(A) Urachal cyst shows thick fibrous cyst walls and flat and glandular bland-looking epithelial cells (H&E, ×10). (B) Xanthogranulomatous inflammation was noted focally in the cyst wall. Xanthoma cells and foamy histiocytes with lymphoplasma cells are mixed (H&E, ×100).
The patient was discharged at the 7th hospital day after all symptoms improved. But the patient returned after 9 months because of the pain and the palpable mass about the size of egg in the RLQ area. The redness was spread around the mass with a severe tenderness. In CT evaluation, we found a 3.3×2.7-cm-sized irregular enhancing lesion which invaded pro-peritoneal fat layer. Through the quinolone antibiotics treatment for 2 months, the pain was improved and the size of mass was reduced. The CRP checked at that time was 0.6 mg/L. After 4 months of monitoring the patient condition, the pain in the right lower abdominal area occurred and the mass increased in the same area. Accompanied with fever and chill, the CRP of blood test was increased to 8.8 mg/L. And the enhanced lesion observed in the previous CT increased to 5.4 cm×2.9 cm (Fig. 3).
Fig. 3.
Progression of irregular enhancing lesions with internal low densities in right lower quadrant area, invading properitoneal fat layer (3.9 cm×3.1 cm → 5.4 cm×2.9 cm).
In case of urine and blood culture, any bacteria were found. Even using antibiotics such as etrapenem and tazobactam, there was no improvement, and we drainaged the abscess by inserting penrose drain into the incised wound. In the pus culture, coagu-lase negative Staphylococcus was detected. After 7 days when the symptoms were improved, we changed to closed drain and closed the wound. Then after another 7 days, we removed the drain and all symptoms were improved.


Xanthogranulomatous disease is well known as the pathologic finding of large clusters of macrophages with lipid-rich cytoplasm. This kind of lesion appears in the different areas of body. For example, it was reported that this kind of lesion appears well in mandible, retroperitoneum, gallbladder, lung, stomach, pericardium, ovary, etc. and urologically, it was relatively common in pyelonephritis and xanthogranuomatous cystitis also was reported once in a while.9 But, the case in urachus is very rare and up to now 13 cases in Japan,3-5 2 cases in Spain,1,2 1 case in Taiwan6 and 2 cases in Korea were reported.7,8 In all cases mentioned before, the common point was that all case found a palpable mass in the lower abdominal area, but related to the pain, the cases were mixed having the case with severe, mild and no pain and nearly half of the cases did not show fever, chill, voiding symptoms. Also, there were some cases with previous surgical history, but not others before the mass was found. The age of patients was also varied from 18 to 75 years old and most of the cases not mentioned about underlying disease. It seems that there was no difference in male and female, but the number of cases in not enough to impart a statistical meaning. In our case also the pain and the fever were not severe at the beginning and there were no special voiding symptoms and any pyuria was detected in urine analysis. But we consider that initial symptoms and examination results may be different because in the majority of cases this kind of patient is transferred after treated with antibiotics in primary care center. As pathogenesis of xanthogranulomatous cystitis, there are chronic infection, foreign materials such as suture materials, malignant bladder tumor, immunologic dis-orders, abdominal lipid metabolism, etc., and because we consider that the pathogenesis of kidney is similar, in case of urachus also will be similar.9,10 In this case, the patient had laparoscopic appendectomy several months before this disease and we may suspect that this surgical procedure caused the disease, but it is not clear yet. Enhanced abdominal pelvic CT is helpful for the diagnosis but as all cases we may not exclude the malignant disease of urachus. Therefore, the final diagnosis we defined by pathologic report after resection of urachal mass and partial cystectomy and in this case we did at the same way. In other cases, there was no problem with prognosis after the first resection, but in this case, after a long time of 9 months there was abscess formation and Staphylococcus was detected in abscess pus, however it is difficult to consider that the patient was infected at the first resection because the symptoms appeared after a long interval. This situation makes to consider that the first resection can be applied as pathogenesis, but we cannot conclude it as pathogenesis because we did not make a pathologic confirm.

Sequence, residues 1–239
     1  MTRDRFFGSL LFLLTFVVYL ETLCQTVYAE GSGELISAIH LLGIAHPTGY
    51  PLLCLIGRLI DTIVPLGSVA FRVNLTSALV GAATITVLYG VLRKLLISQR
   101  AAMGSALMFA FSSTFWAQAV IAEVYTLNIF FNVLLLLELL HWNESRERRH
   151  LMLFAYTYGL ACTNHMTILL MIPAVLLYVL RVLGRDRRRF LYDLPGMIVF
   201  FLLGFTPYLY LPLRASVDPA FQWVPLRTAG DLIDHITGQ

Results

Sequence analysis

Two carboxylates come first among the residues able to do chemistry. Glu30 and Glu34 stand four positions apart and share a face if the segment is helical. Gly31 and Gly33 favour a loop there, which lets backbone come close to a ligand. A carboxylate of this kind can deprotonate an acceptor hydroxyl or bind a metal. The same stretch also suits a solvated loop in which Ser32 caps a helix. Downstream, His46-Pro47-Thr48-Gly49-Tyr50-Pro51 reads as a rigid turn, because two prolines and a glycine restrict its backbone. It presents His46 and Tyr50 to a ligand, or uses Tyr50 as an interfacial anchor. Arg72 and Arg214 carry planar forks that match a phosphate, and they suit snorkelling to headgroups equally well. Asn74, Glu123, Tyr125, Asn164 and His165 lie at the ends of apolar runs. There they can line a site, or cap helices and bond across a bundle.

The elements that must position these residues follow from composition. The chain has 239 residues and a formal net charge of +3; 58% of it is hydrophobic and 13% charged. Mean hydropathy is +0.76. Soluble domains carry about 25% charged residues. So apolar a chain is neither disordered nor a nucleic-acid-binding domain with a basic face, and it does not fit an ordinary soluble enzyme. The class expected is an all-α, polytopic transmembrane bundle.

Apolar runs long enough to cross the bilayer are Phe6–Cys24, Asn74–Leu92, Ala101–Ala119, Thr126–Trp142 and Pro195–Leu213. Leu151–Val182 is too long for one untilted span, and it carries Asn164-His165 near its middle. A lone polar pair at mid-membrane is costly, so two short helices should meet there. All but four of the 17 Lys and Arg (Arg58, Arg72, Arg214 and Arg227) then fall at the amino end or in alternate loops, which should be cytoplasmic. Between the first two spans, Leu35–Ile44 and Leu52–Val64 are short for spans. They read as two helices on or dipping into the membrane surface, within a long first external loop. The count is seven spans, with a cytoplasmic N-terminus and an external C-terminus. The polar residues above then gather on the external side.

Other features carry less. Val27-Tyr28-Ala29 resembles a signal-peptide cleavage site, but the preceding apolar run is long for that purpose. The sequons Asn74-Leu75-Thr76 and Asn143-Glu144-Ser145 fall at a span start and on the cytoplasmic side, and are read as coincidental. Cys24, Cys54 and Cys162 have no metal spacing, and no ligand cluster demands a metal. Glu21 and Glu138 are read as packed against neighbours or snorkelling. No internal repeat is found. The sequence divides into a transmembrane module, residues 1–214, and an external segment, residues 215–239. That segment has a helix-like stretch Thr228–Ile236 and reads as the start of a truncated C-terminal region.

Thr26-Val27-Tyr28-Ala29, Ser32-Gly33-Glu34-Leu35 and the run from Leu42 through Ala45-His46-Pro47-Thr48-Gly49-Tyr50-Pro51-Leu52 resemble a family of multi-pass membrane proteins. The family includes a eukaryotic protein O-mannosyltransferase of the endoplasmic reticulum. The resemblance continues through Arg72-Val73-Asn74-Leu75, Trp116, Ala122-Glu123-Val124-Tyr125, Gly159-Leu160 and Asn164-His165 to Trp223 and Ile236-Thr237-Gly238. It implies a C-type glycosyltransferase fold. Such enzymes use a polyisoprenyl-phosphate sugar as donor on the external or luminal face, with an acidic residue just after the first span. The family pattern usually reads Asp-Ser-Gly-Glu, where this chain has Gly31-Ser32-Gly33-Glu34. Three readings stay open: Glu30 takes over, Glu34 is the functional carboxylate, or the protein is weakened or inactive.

Because xanthogranuloma may develop recurrent inflammatory disease even after a long period of primary treatment, periodic follow-up is necessary.

Conflict of Interest

The author claims no conflicts of interest.